Humanitarian funding to Ukraine remained relatively stable between 2017 and 2018. Despite diff erent contributions ($147 million in 2017 to $141 million 2018) the last two Humanitarian
Response Plans (HRP) were funded at slightly under 40 per cent. The proportional distribution of the humanitarian funding during 2017 and 2018 also remained similar, with over half of the funding (51 per cent) channelled through the HRP to support the projects and the remaining 49 per cent to projects outside the HRP. The high percentage of funding to organizations outside the HRP is attributed primarily to the important role played by organizations that are not part of the HRP (ICRC) and also to the fact that much of this funding is going to efforts which are not considered priority by the Humanitarian Country Team (HCT). WASH remained the most underfunded sector consistently over the last two years, with only around 10 per cent of its funding requirement met, followed by the Food Security and Livelihoods and Shelter/NFI sectors at around 20 per cent. However, WASH and Education Clusters received the lowest funding envelopes.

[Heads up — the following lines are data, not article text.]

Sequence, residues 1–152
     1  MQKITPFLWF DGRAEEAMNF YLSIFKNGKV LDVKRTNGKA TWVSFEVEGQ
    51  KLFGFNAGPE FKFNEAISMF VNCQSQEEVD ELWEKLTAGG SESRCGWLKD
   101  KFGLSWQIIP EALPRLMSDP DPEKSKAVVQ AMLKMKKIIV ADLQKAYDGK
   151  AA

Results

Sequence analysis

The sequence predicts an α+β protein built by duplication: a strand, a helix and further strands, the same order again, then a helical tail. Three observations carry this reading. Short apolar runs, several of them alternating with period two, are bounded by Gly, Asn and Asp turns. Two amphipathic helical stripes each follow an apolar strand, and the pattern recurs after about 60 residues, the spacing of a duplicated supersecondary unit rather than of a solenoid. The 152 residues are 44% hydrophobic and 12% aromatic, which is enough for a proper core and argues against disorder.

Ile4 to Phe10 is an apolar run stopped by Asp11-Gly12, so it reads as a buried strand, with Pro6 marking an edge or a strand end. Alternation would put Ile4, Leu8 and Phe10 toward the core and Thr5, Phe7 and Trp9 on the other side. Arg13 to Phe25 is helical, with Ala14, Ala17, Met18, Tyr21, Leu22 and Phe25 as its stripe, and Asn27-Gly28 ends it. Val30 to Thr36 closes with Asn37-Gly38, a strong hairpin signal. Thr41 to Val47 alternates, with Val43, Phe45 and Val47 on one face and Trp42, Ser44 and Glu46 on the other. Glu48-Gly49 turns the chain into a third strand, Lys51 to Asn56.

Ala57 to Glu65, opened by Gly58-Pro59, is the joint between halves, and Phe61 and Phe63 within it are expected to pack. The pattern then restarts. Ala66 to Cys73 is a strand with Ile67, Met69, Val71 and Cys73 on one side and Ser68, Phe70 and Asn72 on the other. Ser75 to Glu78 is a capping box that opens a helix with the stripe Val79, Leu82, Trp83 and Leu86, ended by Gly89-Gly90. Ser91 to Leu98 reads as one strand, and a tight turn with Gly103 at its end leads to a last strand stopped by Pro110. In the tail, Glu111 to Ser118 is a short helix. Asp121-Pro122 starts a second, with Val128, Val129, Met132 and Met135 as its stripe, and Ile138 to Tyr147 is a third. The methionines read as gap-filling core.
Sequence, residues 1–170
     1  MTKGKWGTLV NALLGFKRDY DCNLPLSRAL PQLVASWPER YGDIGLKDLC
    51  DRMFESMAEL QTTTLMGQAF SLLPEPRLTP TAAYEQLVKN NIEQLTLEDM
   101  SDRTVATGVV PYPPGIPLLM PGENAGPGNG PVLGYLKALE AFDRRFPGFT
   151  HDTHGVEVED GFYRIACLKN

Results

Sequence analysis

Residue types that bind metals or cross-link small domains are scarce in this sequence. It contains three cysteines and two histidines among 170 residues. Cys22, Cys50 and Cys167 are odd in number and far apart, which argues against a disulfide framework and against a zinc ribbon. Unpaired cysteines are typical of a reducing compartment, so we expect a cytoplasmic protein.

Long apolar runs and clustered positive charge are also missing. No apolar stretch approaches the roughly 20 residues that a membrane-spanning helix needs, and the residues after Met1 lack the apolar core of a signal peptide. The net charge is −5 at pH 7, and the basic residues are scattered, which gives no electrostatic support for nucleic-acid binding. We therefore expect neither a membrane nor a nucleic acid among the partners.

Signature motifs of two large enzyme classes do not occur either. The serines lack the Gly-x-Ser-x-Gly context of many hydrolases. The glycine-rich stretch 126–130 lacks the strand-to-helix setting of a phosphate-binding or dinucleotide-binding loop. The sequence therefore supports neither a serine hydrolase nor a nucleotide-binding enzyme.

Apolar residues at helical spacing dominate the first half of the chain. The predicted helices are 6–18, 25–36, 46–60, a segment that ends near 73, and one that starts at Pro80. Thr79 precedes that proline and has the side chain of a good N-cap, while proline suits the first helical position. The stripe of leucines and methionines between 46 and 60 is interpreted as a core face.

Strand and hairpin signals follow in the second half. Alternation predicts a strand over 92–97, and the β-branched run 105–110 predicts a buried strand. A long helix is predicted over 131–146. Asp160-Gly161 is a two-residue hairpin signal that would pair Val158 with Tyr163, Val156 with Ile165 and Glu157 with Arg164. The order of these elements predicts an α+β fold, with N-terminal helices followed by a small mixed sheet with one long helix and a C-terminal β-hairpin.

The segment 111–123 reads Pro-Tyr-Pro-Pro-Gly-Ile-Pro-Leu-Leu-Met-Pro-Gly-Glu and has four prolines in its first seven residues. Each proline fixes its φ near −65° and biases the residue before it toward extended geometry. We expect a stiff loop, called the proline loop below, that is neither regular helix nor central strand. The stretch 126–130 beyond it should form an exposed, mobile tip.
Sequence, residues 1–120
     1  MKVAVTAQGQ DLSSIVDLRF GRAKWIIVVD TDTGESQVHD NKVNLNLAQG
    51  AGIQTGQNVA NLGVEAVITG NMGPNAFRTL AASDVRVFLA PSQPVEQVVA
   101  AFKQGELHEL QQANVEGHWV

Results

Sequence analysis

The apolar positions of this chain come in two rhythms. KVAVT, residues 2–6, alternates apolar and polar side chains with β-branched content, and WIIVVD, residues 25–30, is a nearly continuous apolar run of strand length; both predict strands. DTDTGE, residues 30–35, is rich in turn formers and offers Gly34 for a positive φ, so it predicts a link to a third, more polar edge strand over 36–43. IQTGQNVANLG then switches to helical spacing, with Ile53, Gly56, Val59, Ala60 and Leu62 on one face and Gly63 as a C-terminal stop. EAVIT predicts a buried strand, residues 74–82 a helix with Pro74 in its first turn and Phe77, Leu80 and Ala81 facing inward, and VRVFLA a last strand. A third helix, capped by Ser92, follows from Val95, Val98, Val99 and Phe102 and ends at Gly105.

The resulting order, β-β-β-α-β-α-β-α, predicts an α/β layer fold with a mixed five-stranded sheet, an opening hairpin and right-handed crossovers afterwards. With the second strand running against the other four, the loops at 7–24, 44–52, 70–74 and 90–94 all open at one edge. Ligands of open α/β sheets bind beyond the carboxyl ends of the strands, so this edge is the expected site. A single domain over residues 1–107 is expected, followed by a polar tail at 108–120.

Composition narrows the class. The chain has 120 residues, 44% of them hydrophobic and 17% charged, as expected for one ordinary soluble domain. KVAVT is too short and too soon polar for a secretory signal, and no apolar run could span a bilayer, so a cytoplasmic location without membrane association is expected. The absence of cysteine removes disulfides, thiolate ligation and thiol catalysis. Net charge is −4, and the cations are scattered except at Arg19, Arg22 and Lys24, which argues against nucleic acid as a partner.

Overview of the 2018 response
Despite funding challenges, the humanitarian community mounted a collective response and reached an estimated 1.3 million people with humanitarian assistance in 2018 – of which 1.1 million were reached through HRP projects. Th is suggests that the HRP reached 49 per cent of the targeted 2.3 million people. Th is is a cumulative figure, and counts the number of people who received any single type of assistance. Limitations inherent in the methodologies used for monitoring the response4 (and without a common beneficiary registration system) it is impossible to come to an accurate number while deploying multiple forms of assistance. It is also not a reflection of a sustained continuation of assistance, which may be needed, particularly in increasingly protracted situations like the one in Ukraine.